Chevron U.S.A., Inc. v. Natural Resources Defense Council, Inc.

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Chevron U.S.A. Inc. v. NRDC, 467 U.S. 837 (1984), is the leading opinion by the U.S. Supreme Court on reviewing agency interpretations of federal law. A unanimous opinion with three Justices recusing themselves from it, Chevron is the most frequently cited court opinion on substantive law in history.[1] As of October 24, 2010—less than 25 years after Chevron was rendered—it was cited in writing more than 25,000 times.

Chevron v. NRDC was a landmark decision and introduced what is known as the Chevron Deference or Chevron Doctrine, a preference which favors non-elected Administrative State agencies over taxpayers.

General Rule for "Chevron Deference"

Under Chevron, courts must inquire "whether Congress has directly spoken to the precise question at issue." If the answer is "yes", then "that is the end of the matter" and "the court ... must give effect to [such] unambiguously expressed intent." Id. at 842-843. Put another way, the first inquiry is "whether the statute unambiguously forbids the Agency's interpretation." Barhart v. Walton, 535 U.S. 212, 218 (2002).

If the answer is "no", such that Congress has not spoken directly to the matter, then under Chevron "an agency's interpretation of its own regulation is entitled to deference." See also Christensen v. Harris County, 529 U.S. 576, 588 (2000); Gonzales v. Oregon, 126 S. Ct. at 914-915; Levine v. Apker, 455 F.3d 71, 80 (2d Cir. 2006) ("[W]e will not defer to an agency's interpretation that contravenes Congress' unambiguously expressed intent.") (internal quotation and citation omitted).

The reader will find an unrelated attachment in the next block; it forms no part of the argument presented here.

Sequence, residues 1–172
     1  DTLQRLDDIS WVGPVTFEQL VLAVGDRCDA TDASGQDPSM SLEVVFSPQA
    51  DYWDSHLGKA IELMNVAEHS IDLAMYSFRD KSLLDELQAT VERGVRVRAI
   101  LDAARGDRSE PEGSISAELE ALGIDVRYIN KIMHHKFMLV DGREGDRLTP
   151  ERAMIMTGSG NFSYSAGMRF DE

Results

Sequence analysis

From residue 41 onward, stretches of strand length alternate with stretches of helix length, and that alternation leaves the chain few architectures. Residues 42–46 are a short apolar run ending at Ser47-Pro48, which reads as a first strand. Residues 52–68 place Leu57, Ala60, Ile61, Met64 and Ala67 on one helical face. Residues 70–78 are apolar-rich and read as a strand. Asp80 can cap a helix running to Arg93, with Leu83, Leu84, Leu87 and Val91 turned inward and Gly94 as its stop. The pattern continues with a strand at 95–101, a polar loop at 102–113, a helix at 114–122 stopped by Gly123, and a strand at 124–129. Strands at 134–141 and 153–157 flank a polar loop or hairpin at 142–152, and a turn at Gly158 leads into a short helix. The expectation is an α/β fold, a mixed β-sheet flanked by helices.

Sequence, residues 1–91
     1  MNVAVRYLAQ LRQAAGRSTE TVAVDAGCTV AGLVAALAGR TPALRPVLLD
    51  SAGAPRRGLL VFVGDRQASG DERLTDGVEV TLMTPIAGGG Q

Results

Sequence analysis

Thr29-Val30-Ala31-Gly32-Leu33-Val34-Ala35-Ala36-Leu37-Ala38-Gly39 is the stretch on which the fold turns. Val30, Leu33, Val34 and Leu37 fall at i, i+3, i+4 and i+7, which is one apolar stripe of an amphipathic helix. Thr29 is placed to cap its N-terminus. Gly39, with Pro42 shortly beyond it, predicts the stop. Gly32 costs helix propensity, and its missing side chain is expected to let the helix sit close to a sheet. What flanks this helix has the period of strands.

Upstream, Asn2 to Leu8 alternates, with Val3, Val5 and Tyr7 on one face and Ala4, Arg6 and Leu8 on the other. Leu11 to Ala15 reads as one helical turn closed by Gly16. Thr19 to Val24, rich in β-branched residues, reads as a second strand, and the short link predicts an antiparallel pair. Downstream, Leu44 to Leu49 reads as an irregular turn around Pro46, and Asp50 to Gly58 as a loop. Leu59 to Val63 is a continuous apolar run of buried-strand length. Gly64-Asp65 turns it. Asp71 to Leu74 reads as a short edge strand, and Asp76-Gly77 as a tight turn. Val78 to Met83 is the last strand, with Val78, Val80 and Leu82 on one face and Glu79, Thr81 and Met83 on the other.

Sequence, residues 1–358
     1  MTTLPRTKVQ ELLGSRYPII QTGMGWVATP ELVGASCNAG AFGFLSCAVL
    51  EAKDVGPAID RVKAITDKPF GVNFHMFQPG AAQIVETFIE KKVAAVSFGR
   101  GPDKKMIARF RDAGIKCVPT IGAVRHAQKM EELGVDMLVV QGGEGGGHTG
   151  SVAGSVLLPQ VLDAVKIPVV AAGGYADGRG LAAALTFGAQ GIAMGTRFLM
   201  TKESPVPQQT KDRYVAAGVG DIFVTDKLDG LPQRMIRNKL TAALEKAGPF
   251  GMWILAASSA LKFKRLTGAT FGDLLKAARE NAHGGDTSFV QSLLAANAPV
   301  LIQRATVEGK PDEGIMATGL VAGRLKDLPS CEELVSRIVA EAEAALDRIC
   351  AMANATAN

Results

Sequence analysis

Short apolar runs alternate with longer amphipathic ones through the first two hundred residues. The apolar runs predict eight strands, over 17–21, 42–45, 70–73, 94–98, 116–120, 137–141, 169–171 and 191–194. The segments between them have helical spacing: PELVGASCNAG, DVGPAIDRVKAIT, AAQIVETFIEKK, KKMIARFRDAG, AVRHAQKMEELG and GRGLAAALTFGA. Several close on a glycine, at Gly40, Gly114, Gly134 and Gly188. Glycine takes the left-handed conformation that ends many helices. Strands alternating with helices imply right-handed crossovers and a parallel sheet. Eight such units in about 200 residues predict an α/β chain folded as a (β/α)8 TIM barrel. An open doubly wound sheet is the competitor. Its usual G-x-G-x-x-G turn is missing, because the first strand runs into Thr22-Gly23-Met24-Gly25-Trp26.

Refinements of the General Rule

While the above restatement of the Chevron rule is the common one, it is not entirely precise because it omits the importance of the tools of statutory construction. The precise rule is that the courts will "only defer, however, to agency interpretations of statutes that, applying the normal 'tools of statutory construction,' are ambiguous." INS v. St. Cyr, 533 U.S. 289, 320 n.45 (2001) (citing Id. at 843, n. 9; INS v. Cardoza-Fonseca, 480 U.S. at 447-448). In St. Cyr, the Court concluded that "[b]ecause a statute that is ambiguous with respect to retroactive application is construed under our precedent to be unambiguously prospective, Landgraf, 511 U.S. at 264, there is, for Chevron purposes, no ambiguity in such a statute for an agency to resolve." Id. at 320 n.45.


  1. p.1923 footnote 33. The procedural decisions of Bell Atlantic Corp. v. Twombly, 550 U.S. 544 (2007), and Ashcroft v. Iqbal, 556 U.S. 662 (2009), may be cited more today.